Even Hanks’ girlfriend (Selma Blair) gets into the act, at one point asking Hanks if he ever thinks about his sexy, sexy mother while he’s having sex with her. Boyfriend gives Hanks exactly one note to play: uptight sexual humiliation. Then again, for its first two acts, it only has one gag that it beats into a fine pulp.
Writer-director George Gallo, who wrote Midnight Run and a whole bunch of shit I wouldn’t wish on my worst enemy (The Whole Ten Yards, Code Name The Cleaner, See Spot Run, Wise Guys) boasts a sophisticated comic arsenal that leans heavily on Lubitsch-like touches like multiple spit takes and the skipping-record-needle zany sound effect synonymous with elegant comedy.
From its title onward, Gallo’s shameless Boyfriend feels like it should be the second-half of a driven-in double feature circa 1986. It’s so monomaniacally devoted to its schlocky high concept that it flirts constantly with self-parody. A sleepwalking Banderas in particular comes off like a second-rate actor doing a bad Antonio Banderas impersonation.
In its last act Boyfriend shifts gears and becomes first a deadly drama that asks audiences to seriously consider Hanks’ cartoon dilemma and then a punishingly arbitrary thriller, complete with a forehead-slappingly stupid twist (SPOILER, for those who inexplicably care: Banderas isn’t a suave international jail thief at all but rather an undercover CIA agent). Boyfriend is every bit as bad and dumb as it looks but oh man, have I mentioned how sexy Ryan is in it?
Just How Bad Is It? I’m guessing this Ryan/Hanks comedy might not do as well as the others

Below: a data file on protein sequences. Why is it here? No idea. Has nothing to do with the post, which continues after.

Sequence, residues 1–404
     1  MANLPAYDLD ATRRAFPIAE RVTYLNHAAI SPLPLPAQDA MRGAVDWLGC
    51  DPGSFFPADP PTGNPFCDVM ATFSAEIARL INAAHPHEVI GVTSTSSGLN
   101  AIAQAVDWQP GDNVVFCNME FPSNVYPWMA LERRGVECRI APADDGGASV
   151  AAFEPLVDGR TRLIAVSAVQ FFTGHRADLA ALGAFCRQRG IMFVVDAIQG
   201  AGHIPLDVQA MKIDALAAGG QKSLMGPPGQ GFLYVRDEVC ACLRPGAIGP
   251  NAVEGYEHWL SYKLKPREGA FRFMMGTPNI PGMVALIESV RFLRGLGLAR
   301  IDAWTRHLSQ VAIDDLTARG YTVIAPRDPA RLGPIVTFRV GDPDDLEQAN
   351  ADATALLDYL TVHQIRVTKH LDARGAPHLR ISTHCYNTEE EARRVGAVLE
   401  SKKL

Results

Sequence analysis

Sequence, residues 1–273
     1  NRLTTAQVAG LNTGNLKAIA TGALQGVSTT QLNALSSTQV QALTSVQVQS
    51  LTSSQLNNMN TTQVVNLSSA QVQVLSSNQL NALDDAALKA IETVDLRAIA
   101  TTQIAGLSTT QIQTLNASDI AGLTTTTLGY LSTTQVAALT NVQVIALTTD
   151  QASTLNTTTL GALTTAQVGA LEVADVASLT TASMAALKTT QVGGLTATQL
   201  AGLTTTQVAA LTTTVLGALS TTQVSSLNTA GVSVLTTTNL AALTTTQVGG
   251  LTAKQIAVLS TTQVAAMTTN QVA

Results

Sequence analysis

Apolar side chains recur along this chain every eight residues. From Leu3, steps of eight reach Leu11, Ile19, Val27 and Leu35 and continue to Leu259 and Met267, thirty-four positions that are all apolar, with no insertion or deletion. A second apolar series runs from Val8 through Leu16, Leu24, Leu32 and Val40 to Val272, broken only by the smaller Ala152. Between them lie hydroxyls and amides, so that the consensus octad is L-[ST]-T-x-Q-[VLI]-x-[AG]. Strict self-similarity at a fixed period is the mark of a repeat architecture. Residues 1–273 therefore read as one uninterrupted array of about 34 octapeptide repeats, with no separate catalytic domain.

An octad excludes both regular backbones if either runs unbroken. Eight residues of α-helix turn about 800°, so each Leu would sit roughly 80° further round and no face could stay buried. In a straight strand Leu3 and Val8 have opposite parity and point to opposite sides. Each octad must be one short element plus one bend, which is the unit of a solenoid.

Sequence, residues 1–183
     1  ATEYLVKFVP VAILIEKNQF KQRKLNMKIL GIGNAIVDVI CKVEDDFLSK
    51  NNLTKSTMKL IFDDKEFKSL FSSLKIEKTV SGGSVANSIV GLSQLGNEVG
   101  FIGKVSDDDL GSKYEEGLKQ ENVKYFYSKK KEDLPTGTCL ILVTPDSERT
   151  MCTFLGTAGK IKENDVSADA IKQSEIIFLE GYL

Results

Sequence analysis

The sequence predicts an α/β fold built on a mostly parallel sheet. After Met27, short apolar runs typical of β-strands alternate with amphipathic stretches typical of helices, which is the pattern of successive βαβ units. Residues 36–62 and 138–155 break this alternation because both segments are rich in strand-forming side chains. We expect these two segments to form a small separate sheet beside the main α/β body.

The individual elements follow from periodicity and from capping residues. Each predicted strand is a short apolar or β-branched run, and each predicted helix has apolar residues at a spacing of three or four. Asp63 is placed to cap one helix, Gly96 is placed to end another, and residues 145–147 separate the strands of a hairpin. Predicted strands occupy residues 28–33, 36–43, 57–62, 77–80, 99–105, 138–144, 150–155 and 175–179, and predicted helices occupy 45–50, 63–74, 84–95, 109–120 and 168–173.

Lower Learning: For a solid month, every time I passed my promotional Lower Learning folder and notebook I chortled with glee over the Wildean wordplay of its title. I couldn’t wait for the moment in the film when one of its kooky educators—or should I say mis-educators!—would crack, “You’ve heard of higher learning, right—Well this is more like lower learning!” Oh, how I would laugh and laugh! Yes, the ability to amuse oneself for the flimsiest of reasons is an invaluable life skill.
Lower Learning provided me with hours of laughter and enjoyment even before I popped into my DVD player. Lower learning. Oh, that is rich! Hollywood, will you ever stop entertaining us? Will this current golden age never end!? I haven’t been so entertained by a title since I found out Howie Mandel’s prank show was called Howie Do It. Ha! See, the host is named Howie, which is guffaw-inducing in itself but it also refers to “how” Mandel “does” whatever “it” is that he does on the show. My guess: bring tears of laughter to his millions of adoring fans! I read in Amelie’s TV Club post that the show even features the Montell Jordan classic “This Is How We Do It”, a masterstroke that adds an additional level of Nabokovian allusion and meta-commentary to the irreverent potpourri of prankish perversity.